Over the past 25 years, numerous studies utilizing both X-ray diffraction (XRE) and differential scanning calorimetry (DSC) have been reported In the literature. Generally, conventional high-temperature X-ray data identifies solid-state transitions, then attempts to correlate them with thermal events observed by the calorimeter. Since changes occur in the sample during studies such as these, separate portions of the sample must be used for XRD and DSC experiments. When comparing results of the two experiments, questions arise concerning sample homogeniety as well as temperature and environmental differences. In fact, no conventional high-temperature X-ray diffraction instrument can give the precise control over temperature and heating rate available with a DSC, The problems of sample inhomogeneltles and Instrumental differences could be avoided if X-ray diffraction and DSC could be performed simultaneously on one sample.
Minimizing the negative ecological impacts of exotic plant invasions is one goal of land management. Using selective herbicides is one strategy to achieve this goal; however, the unintended consequences of this strategy are not always fully understood. The recently introduced herbicide indaziflam has a mode of action not previously used in non-crop weed management. Thus, there is limited information about the impacts of this active ingredient when applied alone or in combination with other non-crop herbicides. The objective of this research was to evaluate native species tolerance to indaziflam and imazapic applied alone and with other broadleaf herbicides. Replicated field plots were established at two locations in Colorado with a diverse mix of native forbs and grasses. Species richness and abundance were compared between the nontreated control plots and plots where indaziflam and imazapic were applied alone and in combination with picloram and aminocyclopyrachlor. Species richness and abundance did not decrease when indaziflam or imazapic were applied alone; however, species abundance was reduced by treatments containing picloram and aminocyclopyrachlor. Species richness was only impacted at one site 1 yr after treatment (YAT) by these broadleaf herbicides. Decreases in abundance were mainly due to reductions in forbs that resulted in a corresponding increase in grass cover. Our data suggest that indaziflam will control downy brome (Bromus tectorum L.) for multiple years without reduction in perennial species richness or abundance. If B. tectorum is present with perennial broadleaf weeds requiring the addition of herbicides like picloram or aminocyclopyrachlor, forb abundance could be reduced, and in some cases there could be a temporary reduction in perennial species richness.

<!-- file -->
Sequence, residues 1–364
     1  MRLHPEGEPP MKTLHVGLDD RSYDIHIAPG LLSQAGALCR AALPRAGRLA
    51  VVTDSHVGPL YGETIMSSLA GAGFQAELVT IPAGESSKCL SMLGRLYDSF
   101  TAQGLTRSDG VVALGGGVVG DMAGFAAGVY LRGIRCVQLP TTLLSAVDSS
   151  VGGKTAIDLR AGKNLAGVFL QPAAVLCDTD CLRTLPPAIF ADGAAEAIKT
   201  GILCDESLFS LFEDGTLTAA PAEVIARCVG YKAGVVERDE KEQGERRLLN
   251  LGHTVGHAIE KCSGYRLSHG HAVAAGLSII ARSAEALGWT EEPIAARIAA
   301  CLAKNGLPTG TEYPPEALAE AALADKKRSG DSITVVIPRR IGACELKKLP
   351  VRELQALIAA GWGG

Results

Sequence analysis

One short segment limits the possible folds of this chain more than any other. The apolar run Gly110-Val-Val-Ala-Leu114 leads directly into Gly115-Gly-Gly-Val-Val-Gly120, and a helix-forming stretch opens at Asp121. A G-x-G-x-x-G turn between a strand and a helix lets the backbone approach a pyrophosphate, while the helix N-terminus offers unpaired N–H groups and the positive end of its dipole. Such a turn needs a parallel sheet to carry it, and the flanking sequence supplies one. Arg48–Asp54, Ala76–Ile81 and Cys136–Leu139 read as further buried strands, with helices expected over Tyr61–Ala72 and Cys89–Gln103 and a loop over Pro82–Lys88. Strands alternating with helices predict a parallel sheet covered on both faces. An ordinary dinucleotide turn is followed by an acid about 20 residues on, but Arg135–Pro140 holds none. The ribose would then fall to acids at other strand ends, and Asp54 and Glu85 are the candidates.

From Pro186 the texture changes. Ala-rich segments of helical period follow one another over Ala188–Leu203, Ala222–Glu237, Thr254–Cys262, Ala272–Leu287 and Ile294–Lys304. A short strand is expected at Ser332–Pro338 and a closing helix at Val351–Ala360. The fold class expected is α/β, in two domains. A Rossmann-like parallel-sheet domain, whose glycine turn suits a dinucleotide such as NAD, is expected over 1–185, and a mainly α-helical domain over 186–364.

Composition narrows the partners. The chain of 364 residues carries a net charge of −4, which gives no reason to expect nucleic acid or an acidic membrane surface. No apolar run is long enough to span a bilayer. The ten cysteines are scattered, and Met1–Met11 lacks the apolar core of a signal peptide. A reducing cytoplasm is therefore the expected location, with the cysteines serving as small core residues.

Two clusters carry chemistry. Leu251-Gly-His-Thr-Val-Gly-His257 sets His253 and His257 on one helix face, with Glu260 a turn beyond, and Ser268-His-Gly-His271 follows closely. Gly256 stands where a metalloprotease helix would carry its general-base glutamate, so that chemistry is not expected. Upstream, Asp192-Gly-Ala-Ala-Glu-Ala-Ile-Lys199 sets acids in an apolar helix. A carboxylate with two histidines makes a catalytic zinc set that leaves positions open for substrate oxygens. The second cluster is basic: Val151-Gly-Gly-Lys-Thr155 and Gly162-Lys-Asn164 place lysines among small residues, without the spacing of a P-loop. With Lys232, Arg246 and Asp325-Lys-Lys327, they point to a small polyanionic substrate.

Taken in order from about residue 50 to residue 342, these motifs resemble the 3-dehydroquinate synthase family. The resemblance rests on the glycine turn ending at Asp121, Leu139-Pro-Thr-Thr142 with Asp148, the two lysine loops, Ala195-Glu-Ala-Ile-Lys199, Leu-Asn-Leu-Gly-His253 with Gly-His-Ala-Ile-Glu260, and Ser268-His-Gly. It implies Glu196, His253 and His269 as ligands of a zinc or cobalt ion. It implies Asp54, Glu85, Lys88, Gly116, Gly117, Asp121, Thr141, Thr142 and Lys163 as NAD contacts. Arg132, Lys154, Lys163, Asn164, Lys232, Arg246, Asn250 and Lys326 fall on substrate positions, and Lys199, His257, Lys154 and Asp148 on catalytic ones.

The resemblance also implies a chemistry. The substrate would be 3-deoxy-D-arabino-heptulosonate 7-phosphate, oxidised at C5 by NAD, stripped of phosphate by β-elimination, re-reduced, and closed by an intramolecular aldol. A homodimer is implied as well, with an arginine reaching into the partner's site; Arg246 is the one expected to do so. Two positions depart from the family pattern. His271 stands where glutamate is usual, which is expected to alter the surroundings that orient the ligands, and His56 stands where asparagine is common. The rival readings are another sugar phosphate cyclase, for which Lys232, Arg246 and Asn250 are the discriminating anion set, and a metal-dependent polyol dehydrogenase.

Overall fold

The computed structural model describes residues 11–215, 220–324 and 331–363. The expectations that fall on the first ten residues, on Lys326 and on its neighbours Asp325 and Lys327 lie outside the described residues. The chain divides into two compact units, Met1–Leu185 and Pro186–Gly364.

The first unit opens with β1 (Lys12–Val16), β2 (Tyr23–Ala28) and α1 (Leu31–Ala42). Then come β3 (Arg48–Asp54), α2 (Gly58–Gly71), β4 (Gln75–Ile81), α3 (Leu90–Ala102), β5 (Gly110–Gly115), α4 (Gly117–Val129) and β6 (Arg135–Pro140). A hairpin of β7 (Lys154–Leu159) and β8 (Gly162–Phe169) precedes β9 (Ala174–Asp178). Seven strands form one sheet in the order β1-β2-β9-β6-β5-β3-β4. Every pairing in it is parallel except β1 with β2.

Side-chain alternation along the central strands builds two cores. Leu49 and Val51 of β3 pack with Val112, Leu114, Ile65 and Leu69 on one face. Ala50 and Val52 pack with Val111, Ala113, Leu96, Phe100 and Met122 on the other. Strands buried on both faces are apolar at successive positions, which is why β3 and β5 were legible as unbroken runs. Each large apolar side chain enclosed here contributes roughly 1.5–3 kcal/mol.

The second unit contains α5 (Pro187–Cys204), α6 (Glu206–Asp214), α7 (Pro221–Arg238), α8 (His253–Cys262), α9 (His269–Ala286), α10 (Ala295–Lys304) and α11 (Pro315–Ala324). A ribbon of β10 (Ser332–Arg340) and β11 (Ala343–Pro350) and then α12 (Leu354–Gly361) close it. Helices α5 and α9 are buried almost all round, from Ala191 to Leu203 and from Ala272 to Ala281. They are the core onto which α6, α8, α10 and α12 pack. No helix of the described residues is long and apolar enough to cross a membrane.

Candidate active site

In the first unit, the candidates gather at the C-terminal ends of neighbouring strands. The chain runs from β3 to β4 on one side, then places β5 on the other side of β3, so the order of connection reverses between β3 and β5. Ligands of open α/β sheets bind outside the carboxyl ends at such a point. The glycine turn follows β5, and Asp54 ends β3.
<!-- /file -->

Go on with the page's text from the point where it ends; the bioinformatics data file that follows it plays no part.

Timely herbicide applications for no-till soybean can be challenging given the diverse communities of both winter and summer annual weeds that are often present. Research was conducted to compare various approaches for nonselective and preplant weed control for no-till soybean. Nonselective herbicide application timings of fall (with and without a residual herbicide) followed by early-spring (4 wk before planting), late-spring (1 to 2 wk before planting), or sequential-spring applications (4 wk before planting and at planting) were compared. Spring applications also included a residual herbicide. For consistent control of winter annual weeds, two herbicide applications were needed, either a fall application followed by a spring application or sequential-spring applications. When a fall herbicide application did not include a residual herbicide, greater winter annual weed control resulted from early- or sequential-spring treatments. However, application timings that effectively controlled winter annual weeds did not effectively control summer annual weeds that have a prolonged emergence period. Palmer amaranth and large crabgrass control at 4 wk after planting was better when the spring residual treatment (chlorimuron plus metribuzin) was applied 1 to 2 wk before planting or at planting, compared with 4 wk before planting. Results indicate that in order to optimize control, herbicide application programs in soybean should coincide with seasonal growth cycles of winter and summer annual weeds.
Previous cross-sectional studies have demonstrated obesity rates in children with CHD and the general paediatric population. We reviewed longitudinal data to identify factors predisposing to the development of obesity in children, hypothesising that age may be an important risk factor for body mass index growth.
Retrospective electronic health records were reviewed in all 5–20-year-old CHD patients seen between 2011 and 2015, and in age-, sex-, and race/ethnicity-matched controls. Subjects were stratified into aged cohorts of 5–10, 11–15, and 15–20. Annualised change in body mass index percentile (BMI%) over this period was compared using paired Student’s t-test. Linear regression analysis was performed with the CHD population.
A total of 223 CHD and 223 matched controls met the inclusion criteria for analysis. Prevalence of combined overweight/obesity did not differ significantly between the CHD cohort (24.6–25.8%) and matched controls (23.3–29.1%). Univariate analysis demonstrated a significant difference of BMI% change in the age cohort of 5–10 (CHD +4.1%/year, control +1.7%/year, p=0.04), in male sex (CHD +1.8%/year, control −0.3%/year, p=0.01), and status-post surgery (CHD 2.03%/year versus control 0.37%, p=0.02). Linear regression analysis within the CHD subgroup demonstrated that age 5–10 years (+4.80%/year, p<0.001) and status-post surgery (+3.11%/year, p=0.013) were associated with increased BMI% growth.